Being Jewish meant different things at different times. Taken together, the Jewish stories in our country houses speak to the integration of Jews into nineteenth and twentieth century British society, and the obstacles they encountered.
Jews were expelled from England in 1290. When they returned under Oliver Cromwell, they settled in urban areas. Some eighteenth century Jews made enough money to buy, develop and build grand country houses as part of their pathway to social acceptance.
This phenomenon became more pronounced during the nineteenth and early twentieth centuries: a period of social and economic change that saw the rise of great Jewish financial dynasties like the Goldsmids, the Rothschilds and the Samuels.
Town lives, Country lives
Most Jewish country houses were in the South East of England within easy reach of the City of London and its financial markets. Like the Rothschilds, many families had international family and business connections. This shaped the cosmopolitan taste we see reflected in houses like Waddesdon Manor, a neo-French château.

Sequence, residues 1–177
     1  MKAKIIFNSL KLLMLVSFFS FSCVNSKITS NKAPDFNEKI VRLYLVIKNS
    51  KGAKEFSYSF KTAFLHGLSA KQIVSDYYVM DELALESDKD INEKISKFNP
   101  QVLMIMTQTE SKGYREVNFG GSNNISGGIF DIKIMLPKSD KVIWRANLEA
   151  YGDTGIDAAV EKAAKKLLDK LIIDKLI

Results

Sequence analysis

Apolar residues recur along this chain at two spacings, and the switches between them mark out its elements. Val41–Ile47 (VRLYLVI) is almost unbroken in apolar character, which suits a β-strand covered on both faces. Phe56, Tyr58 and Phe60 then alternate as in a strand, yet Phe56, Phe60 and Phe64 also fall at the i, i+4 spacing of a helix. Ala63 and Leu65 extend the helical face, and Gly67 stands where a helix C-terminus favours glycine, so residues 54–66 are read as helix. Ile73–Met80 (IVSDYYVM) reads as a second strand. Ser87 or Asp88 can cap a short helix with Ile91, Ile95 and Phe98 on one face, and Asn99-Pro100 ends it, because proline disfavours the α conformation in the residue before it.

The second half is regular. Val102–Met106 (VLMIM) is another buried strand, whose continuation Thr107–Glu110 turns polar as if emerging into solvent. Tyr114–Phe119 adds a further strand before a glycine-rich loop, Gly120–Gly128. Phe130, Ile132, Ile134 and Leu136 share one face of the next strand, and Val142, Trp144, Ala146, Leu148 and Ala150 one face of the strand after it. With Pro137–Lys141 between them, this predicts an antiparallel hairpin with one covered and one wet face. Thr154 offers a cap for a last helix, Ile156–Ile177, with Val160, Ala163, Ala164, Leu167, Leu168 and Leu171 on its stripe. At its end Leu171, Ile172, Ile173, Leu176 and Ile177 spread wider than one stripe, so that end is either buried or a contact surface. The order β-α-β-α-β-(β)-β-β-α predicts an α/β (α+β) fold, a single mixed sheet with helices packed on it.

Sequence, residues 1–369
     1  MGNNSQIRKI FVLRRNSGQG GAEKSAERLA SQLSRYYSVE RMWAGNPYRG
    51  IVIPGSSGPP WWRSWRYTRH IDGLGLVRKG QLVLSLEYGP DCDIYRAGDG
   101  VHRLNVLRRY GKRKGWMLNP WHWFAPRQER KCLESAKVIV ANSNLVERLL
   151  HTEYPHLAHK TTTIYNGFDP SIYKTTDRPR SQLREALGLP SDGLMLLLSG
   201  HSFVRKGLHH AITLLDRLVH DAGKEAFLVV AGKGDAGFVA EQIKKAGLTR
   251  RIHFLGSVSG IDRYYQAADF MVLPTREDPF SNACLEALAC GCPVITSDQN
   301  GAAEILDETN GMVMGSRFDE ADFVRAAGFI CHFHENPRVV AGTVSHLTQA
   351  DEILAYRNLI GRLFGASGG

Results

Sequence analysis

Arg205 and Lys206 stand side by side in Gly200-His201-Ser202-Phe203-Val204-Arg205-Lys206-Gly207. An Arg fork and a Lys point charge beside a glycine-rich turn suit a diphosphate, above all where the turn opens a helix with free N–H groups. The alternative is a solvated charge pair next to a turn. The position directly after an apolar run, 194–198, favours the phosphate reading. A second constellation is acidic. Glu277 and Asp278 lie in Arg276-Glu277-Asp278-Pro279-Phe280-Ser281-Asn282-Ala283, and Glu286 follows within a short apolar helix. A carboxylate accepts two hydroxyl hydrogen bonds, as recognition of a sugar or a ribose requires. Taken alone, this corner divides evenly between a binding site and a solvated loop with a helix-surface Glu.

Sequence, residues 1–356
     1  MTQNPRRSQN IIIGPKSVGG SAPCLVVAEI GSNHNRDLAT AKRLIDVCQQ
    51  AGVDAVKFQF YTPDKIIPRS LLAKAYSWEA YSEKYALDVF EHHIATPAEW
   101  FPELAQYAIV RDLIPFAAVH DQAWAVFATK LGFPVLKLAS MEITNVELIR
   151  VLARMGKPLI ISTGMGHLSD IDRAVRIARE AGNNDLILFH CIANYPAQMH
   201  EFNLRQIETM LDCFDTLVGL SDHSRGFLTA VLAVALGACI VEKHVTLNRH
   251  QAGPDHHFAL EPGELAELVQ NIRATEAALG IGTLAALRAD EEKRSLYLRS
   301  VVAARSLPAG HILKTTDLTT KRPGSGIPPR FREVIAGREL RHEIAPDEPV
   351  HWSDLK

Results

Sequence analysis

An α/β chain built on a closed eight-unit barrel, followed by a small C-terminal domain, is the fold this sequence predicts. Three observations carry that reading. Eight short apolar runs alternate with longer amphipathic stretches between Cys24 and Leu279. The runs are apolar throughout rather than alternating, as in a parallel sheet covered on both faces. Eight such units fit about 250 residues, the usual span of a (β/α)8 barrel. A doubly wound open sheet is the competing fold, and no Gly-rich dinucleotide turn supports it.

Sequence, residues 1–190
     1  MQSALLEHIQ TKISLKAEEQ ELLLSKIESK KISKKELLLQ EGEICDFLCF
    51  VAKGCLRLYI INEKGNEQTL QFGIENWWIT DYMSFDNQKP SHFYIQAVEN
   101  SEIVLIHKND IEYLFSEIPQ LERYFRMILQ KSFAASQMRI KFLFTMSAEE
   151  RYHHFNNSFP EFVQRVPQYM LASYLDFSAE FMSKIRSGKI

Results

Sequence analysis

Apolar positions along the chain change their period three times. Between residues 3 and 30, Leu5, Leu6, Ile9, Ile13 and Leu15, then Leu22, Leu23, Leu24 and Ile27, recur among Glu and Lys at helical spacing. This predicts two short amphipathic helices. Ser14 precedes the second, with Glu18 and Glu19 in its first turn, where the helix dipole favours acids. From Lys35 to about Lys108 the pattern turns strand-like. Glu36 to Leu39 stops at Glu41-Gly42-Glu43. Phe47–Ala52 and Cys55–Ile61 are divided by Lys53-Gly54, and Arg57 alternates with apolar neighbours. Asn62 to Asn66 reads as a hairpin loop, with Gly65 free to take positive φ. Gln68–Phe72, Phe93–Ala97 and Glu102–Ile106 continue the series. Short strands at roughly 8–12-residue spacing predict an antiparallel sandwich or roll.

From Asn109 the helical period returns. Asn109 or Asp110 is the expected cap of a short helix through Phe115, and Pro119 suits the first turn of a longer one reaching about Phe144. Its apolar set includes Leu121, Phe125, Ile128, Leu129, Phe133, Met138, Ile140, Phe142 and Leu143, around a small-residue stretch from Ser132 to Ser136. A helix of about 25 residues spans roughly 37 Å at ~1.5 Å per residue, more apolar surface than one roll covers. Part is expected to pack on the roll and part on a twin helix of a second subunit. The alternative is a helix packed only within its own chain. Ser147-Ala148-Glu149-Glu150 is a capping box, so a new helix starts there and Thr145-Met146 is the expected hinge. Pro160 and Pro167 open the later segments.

Country houses were also sites of assimilation, acculturation and ‘Englishness’. Jewish country house owners hunted, gardened, collected art and entertained lavishly. They supported local schools and charities, just as they tended to support traditional objects of Jewish charity, like the poor Jewish immigrants of London’s East End.
Barriers to integration
Rich City Jews found it hard to integrate into the world of the English gentry. Before 1858 only converted Jews like Benjamin Disraeli of Hughenden Manor could enter politics. Rather than face social exclusion, members of the Rothschild family built houses (including Waddesdon) in the Vale of Aylesbury where they could establish their own hunt.
Political antisemitism, the pogroms in Russia, the mass immigration of East-European Jews to Britain, and Hitler’s rise to power all touched the lives of Jewish country house owners.
Many tried to help persecuted foreign Jews. Ludwig Messels of Nymans, a convert, was active in the Anglo-Jewish Association during the 1880s. The Bearsteds of Upton House and the Rothschilds helped arrange the Kindertransport, and gave a massive free loan of £60,000 to help German Jewish refugees.
Before Hitler, Zionism was very controversial in these circles, attracting opposition from Lord Bearsted but greater support from some Rothschilds. This changed with the terrible plight of European Jews in the 1930s and the Holocaust.
Assimilation and Jewishness
Jews like Leonard Woolf of Monk’s House who ‘married out’ and led socially integrated lives could still encounter antisemitic attitudes among friends and family. Even country house owners whose parents had converted were touched by the tragedy of Jewish existence in interwar Europe. Both Leonard Messel of Nymans and Maud Russell of Mottisfont Abbey had German relatives who fled the Nazis, with their help, and some who perished in the Holocaust.